been another man's wife almost the whole 
time since he was estranged from her, and 
now she was a corpse. Yet the absurdity did 
not make his grief the less ; and the con- 
sciousness of the intrinsic, almost radiant, 
purity of this new-sprung affection for a flown 
spirit forbade him to check it. The flesh was 
absent altogether ; it was love rarefied and re- 
fined to its highest attar. He had felt nothing 
like it before. 

The next afternoon he went down to the 
club ; not his large club, where the men hard- 
ly spoke to each other, but the homely one, 
where they told stories of an afternoon, and 
were not ashamed to confess among them- 
selves to personal weaknesses and follies, 
knowing well that such secrets would go no 
farther. But he could not tell this. So 
volatile and intangible was the story that to 
convey it in words would have been as hard 
as to cage a perfume. 

They observed his altered manner and said 
he was in love. Pierston admitted that he 



was; and there it ended. When he reached 
home he looked out of his bedroom window, 
and began to consider in what direction from 
where he stood that darling little figure lay. 
It was straight across there, under the young 
pale moon. The symbol signified well. The 
divinity of the silver bow was not more ex- 
cellently pure than she, the lost, had been. 
Under that moon was the island of Ancient 
Slingers, and on the island a house, framed 
from mullions to chimney-top like the isle 
itself, of stone. Inside the window, the moon- 
light irradiating her winding-sheet, lay Avice, 
reached only by the faint noises inherent in 
the isle ; the tink-tink of the chisels in the 
quarries, the surging of the tides in the bay, 
and the muffled grumbling of the currents in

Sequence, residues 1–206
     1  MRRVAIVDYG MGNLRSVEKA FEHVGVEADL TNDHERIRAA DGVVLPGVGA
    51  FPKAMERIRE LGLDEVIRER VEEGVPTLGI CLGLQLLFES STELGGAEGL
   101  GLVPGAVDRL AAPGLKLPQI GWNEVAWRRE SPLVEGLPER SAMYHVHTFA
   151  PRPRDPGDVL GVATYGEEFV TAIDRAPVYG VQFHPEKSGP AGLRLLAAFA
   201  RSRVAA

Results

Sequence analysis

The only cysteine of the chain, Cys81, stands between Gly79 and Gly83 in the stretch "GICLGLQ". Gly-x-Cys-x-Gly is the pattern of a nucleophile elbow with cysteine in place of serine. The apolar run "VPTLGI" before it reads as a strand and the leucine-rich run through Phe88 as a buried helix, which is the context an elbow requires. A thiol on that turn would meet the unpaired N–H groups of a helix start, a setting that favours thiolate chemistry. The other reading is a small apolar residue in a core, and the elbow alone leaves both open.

the never-pacified race. 

He began to divine the truth. Avice, the 
departed one, though she had come short of 
inspiring a passion, had yet possessed a ground- 
quality absent from her rivals, without which 
it seemed that a fixed and full-rounded con- 
stancy to a woman could not flourish in him. 
Like his own, her family had been islanders for 
centuries — from Norman, Anglian, Roman, 
Balearic-British limes. Hence, in her nature, 



as in his, was some mysterious ingredient 
sucked from the isle ; otherwise a racial in- 
stinct necessary to the absolute unison of a pair. 
Thus, though he might never love a woman of 
the island race, for lack in her of the desired 
refinement, he could not love long a kimberlin 
— a woman other than of the island race, for 
her lack of this groundwork of character. 

Such was Pierston's view of things. Another 
fancy of his, an artist's superstition merely, 
may be mentioned. The Caros, like some oth- 
er local families, suggested a Roman lineage, 
more or less grafted on the stock of the Sling- 
ers. Their features recalled those of the Italian 
peasantry to any one as familiar as he was with 
them ; and there were evidences that the Ro- 
man colonists had been populous and long- 
abiding in and near this corner of Britain. 
Tradition urged that a temple to Venus once 
stood at the top of the Roman road leading up 
into the isle ; and possibly one to the love- 
goddess of the Slingers antedated this. What 
so natural as that the true star of his soul 
would be found nowhere but in one of the old 
island breed ? 

After dinner his old friend Somers came in 
to smoke, and when they had talked a little 



while Somers alluded casually to some place at 
which they would meet on the morrow. 

" I sha'n't be there," said Pierston. 

" But you promised !" 

" Yes. But I shall be at the island — looking 
at a dead woman's grave." As he spoke his 
eyes turned and remained fixed on a table 
near. Somers followed the direction of his 
glance to a photograph on a stand. 

" Is that she ?" he asked. 


" Rather a bygone affair, then." 

Pierston acknowledged it. " She's the only 
sweetheart I ever slighted, Alfred," he said. 
" Because she's the only one I ought to have